Indian doctor Mohd Haneef, who was exonerated of terror charges in connection with the failed UK car bombings, has expressed hope that the Australian government would compensate him for the damages caused to him as he was "wrongly" implicated in the case.
"I would be very grateful if they look into this aspect, some of the damages that authorities have done to me previously. I'm very hopeful of this," he said replying to a question on whether he would seek compensation from the Australian government.
In a legal victory for Haneef, the Federal Court on Friday upheld a decision to reinstate the work visa of the Indian doctor.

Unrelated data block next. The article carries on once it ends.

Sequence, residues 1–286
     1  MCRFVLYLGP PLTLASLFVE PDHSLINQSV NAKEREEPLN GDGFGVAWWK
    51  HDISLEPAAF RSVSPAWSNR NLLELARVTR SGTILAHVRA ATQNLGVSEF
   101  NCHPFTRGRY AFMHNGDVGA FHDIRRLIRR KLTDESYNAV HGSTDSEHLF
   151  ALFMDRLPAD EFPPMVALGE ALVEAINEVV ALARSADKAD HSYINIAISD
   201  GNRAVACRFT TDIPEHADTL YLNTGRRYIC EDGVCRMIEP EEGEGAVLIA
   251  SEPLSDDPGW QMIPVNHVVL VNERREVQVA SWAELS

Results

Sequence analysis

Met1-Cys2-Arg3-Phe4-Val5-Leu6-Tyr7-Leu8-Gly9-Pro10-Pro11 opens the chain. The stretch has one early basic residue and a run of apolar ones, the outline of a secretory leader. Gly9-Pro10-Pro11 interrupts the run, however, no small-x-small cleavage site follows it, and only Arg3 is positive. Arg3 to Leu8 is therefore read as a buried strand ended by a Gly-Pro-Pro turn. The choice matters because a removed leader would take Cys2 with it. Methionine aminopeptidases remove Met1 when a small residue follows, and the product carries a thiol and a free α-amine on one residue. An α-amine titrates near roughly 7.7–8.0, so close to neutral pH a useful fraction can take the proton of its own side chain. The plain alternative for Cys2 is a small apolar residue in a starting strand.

New Labour Immigration Minister Chris Evans has said Haneef was entitled to return to work after the court verdict.
Haneef said the Federal Court's decision had proved that his detention was wrong.
"The things that have come up later... That they had kept me in custody for no reason, that's wrong," he was quoted as saying by The Age newspaper. "Then they charged me, there is no basis for that."
On Monday, Haneef said he needed reassurance from authorities that he and his family would be safe in Australia before he can consider returning to the country.
He said he wanted to return to Australia to continue his medical training.
However, Haneef said his wife Firdous was reluctant to accompany him to Australia with their newborn baby because "of the trauma which I have undergone throughout this ordeal".
Haneef's visa was cancelled by the former Howard government on character grounds.